Explaining Israel’s China Policy (it’s mostly about money)

I would like to preface this article by saying that if I were advising the Israeli Prime Minister on China, I might give different advice than the advice he is being given. Right now, China has been credibly accused of committing genocide and is currently locked in a power struggle with our best friend, the United States. However, like most of the non-disability-related blog posts (remember, disabled people, can be experts in international relations fields that have nothing to do with disability) I will write for the Times of Israel, I will attempt to give my interpretation of why Israel is taking actions regarding Asia and the arms trade that seem to be counter-intuitive or amoral. This is because I believe that my academic and professional background in those topics (although I am early in my career, there have been people with fewer qualifications than mine publishing on similar topics) would make me more useful in explaining why Israel does something as opposed to writing another op-ed on top of the 5 or so other op-eds criticizing an Israeli policy that might be hard to justify to some pro-Israel people and be a bonanza for people who do not support Israel. I believe our relations with China are one of those topics.

The main thing that Israel bases as the justification for its close relationship with China is money. China has vast quantities of money to spend, and China can make people very rich. For example, a good chunk of the recent improvements in Israeli infrastructure over the past few years have been funded with Chinese money or built by Chinese companies. These include the Carmel Tunnels, the train line to Karmiel, the Tel-Aviv Light Rail tunnels, the port in Ashdod, and the new port addition in Haifa. If one considers how quickly these things were built compared to the Russian-Israeli-built Tel-Aviv to Jerusalem railway, the difference speaks for itself.

Additionally, the next area that money goes into China-Israel relations is the area of investment in innovation. The Chinese and Israeli economies have been seen as complementary to each other. China’s economy is very focused on making things and Israel’s economy is focused on innovation. As a result, it makes sense for the Israeli economy to have investment and business deals with Chinese investors because those deals offer big money with huge growth potential. This growth potential is especially targeted in artificial intelligence, medical technology, robotics, and food tech. China also offers huge donations to Israeli institutions and a steady stream of students to those institutions who are willing to pay for Israeli university education. As a result, Chinese money has given a good chunk of start-up money to the Start-Up Nation.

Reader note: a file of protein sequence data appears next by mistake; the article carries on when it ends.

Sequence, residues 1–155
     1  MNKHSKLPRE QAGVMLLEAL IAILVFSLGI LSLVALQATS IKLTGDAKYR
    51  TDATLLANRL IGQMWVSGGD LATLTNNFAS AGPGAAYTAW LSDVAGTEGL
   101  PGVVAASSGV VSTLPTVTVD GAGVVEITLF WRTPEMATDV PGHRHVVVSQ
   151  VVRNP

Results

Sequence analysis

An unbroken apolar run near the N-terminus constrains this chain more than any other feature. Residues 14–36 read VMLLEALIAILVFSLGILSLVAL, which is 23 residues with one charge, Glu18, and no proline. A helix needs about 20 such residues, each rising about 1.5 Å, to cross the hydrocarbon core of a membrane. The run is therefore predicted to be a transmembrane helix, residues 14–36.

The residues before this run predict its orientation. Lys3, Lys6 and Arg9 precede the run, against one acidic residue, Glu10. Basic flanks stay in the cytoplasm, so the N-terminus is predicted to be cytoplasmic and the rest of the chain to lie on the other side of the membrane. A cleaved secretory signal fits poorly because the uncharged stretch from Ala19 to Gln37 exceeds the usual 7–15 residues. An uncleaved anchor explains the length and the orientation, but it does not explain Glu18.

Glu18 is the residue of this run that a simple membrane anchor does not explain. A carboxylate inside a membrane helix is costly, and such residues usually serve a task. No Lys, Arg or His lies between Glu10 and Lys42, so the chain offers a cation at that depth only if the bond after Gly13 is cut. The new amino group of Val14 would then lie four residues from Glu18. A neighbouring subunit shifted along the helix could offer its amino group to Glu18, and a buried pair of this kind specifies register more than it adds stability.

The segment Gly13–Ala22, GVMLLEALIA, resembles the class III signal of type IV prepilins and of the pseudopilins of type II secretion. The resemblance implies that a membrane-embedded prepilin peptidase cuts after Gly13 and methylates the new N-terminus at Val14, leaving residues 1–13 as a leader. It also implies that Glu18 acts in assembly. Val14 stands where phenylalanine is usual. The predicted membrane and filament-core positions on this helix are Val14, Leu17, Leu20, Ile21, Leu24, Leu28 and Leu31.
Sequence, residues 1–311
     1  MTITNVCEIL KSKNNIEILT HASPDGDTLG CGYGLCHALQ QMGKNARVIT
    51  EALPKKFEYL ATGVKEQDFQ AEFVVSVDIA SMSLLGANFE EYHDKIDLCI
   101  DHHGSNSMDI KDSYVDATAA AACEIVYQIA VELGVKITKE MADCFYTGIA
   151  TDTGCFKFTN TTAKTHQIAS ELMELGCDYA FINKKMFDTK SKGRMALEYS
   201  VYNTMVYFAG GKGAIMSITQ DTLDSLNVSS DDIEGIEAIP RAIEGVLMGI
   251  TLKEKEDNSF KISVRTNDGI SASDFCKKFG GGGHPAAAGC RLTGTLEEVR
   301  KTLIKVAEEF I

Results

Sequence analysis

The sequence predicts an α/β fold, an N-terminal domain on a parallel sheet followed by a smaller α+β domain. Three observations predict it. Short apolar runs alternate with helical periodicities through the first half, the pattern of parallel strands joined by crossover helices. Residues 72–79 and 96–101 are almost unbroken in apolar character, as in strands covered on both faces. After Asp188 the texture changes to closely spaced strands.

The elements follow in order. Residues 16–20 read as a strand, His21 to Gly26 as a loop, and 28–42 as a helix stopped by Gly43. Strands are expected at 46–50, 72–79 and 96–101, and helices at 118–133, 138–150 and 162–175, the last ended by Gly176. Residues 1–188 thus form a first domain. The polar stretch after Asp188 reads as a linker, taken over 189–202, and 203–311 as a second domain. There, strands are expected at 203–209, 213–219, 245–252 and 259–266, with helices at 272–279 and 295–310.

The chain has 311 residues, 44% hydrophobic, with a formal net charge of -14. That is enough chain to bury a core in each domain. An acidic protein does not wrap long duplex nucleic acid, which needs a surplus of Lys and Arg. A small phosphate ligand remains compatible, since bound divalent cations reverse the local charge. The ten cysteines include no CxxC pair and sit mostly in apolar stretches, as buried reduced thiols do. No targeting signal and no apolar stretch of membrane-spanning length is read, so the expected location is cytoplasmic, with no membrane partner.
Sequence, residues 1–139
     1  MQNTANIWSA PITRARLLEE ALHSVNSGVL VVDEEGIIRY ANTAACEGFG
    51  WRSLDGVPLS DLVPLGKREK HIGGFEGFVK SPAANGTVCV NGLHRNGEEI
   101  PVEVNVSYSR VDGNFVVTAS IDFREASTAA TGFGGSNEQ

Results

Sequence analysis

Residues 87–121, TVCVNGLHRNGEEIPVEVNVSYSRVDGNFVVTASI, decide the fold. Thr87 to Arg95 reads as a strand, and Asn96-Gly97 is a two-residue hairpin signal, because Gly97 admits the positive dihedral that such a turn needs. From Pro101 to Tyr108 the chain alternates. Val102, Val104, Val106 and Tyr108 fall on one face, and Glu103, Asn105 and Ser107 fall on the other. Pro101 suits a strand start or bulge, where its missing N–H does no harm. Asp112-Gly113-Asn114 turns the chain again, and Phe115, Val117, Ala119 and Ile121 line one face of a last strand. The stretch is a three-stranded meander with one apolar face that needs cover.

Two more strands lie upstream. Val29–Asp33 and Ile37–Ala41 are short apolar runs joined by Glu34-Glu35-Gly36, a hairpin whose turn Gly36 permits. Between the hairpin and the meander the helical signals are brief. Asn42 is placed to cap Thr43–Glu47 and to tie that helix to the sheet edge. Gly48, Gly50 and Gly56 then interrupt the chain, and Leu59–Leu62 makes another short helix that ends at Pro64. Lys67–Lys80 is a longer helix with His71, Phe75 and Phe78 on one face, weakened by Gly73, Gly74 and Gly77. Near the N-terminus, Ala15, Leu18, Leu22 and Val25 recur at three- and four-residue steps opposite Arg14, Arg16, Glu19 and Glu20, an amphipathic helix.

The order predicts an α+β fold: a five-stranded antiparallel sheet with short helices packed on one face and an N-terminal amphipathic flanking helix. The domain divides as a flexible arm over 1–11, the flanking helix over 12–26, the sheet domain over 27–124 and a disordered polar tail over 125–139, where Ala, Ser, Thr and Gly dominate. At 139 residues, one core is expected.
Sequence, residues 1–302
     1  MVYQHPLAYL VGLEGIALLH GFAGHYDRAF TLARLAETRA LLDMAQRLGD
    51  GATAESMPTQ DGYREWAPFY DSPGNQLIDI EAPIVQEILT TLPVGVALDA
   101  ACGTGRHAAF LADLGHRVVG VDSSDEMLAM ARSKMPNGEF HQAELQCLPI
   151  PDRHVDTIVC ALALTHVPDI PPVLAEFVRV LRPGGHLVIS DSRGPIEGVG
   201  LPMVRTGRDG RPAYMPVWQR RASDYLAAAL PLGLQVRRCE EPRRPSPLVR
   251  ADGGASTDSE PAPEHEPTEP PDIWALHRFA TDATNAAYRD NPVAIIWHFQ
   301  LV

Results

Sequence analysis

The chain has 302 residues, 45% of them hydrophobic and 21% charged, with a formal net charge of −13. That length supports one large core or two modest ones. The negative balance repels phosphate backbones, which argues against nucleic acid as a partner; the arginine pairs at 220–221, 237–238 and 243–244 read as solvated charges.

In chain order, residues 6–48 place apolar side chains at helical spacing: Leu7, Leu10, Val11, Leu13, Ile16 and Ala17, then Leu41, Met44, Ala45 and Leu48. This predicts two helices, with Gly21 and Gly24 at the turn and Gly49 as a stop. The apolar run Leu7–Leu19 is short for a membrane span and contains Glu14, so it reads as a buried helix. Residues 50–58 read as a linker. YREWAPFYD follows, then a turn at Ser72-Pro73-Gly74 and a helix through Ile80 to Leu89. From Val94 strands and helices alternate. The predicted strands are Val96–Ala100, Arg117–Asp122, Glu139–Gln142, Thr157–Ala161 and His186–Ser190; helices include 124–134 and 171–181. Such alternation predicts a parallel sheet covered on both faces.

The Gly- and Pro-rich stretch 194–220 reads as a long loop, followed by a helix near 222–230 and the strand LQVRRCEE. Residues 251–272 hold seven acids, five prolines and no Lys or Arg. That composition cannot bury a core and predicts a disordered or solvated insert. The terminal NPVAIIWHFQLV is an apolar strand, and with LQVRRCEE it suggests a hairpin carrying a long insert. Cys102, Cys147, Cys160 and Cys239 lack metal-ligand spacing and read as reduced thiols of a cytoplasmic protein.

The third area which Israel views Chinese money as useful is trade. After Israel was isolated by China for decades, with China funding the PLO before the west even knew about the PLO, trade with China has been seen by Israel as another reason why Israel should develop closer relations with China. This trade is in part due to the fear of BDS, which has been rampant in the west, but not as much in China. However, the trade with Israel is rather substantial. In the first 25 years of Israel-China relations, trade grew by 200%. While the bulk of Israeli exports to China consists of Intel chips being shipped from Israel, Israeli imports from China consist of various types of goods that Israel uses in its daily modern existence. When Netanyahu visited China in 2017, he inked 25 billion dollars worth of goods during that 2017 China trip. While Israel has been forced by the United States to stop its sales of arms to China, which has hurt China-Israel relations, Israel has been accused of every once in a while, selling dual-use technologies to China. Additionally, the prevailing discourse in the Israeli government is that our ties with China and America are not mutually exclusive. Considering that twice as many Israelis view China positively as there are Israelis who view China negatively, this policy stating the non-mutual exclusivity of Israel-China and Israel-America ties seems to have been accepted by the Israeli population as a whole.

In conclusion, while I might give the Prime Minister different advice on how to handle our relationship with China, China is a country that Israel will have to deal with. Israeli officials refuse to cut off contacts with a company that does business on American soil because America doesn’t want Israel to do business with said company. However, this dalliance with China runs a risk of getting Israel in trouble with the USA and a lot of bad press that it has to deal with, just like how Israel got way too close to Apartheid South Africa. However, these risks and concerns seem to have no impact on Israeli policymakers.


Ryan O’Connor contributed to this article

About the Author
Paul Weisko is an autistic Israeli-American oleh and has substantial academic and work experience on the topics of Asian Security, Israel-Asia Relations, and Israeli arms sales.
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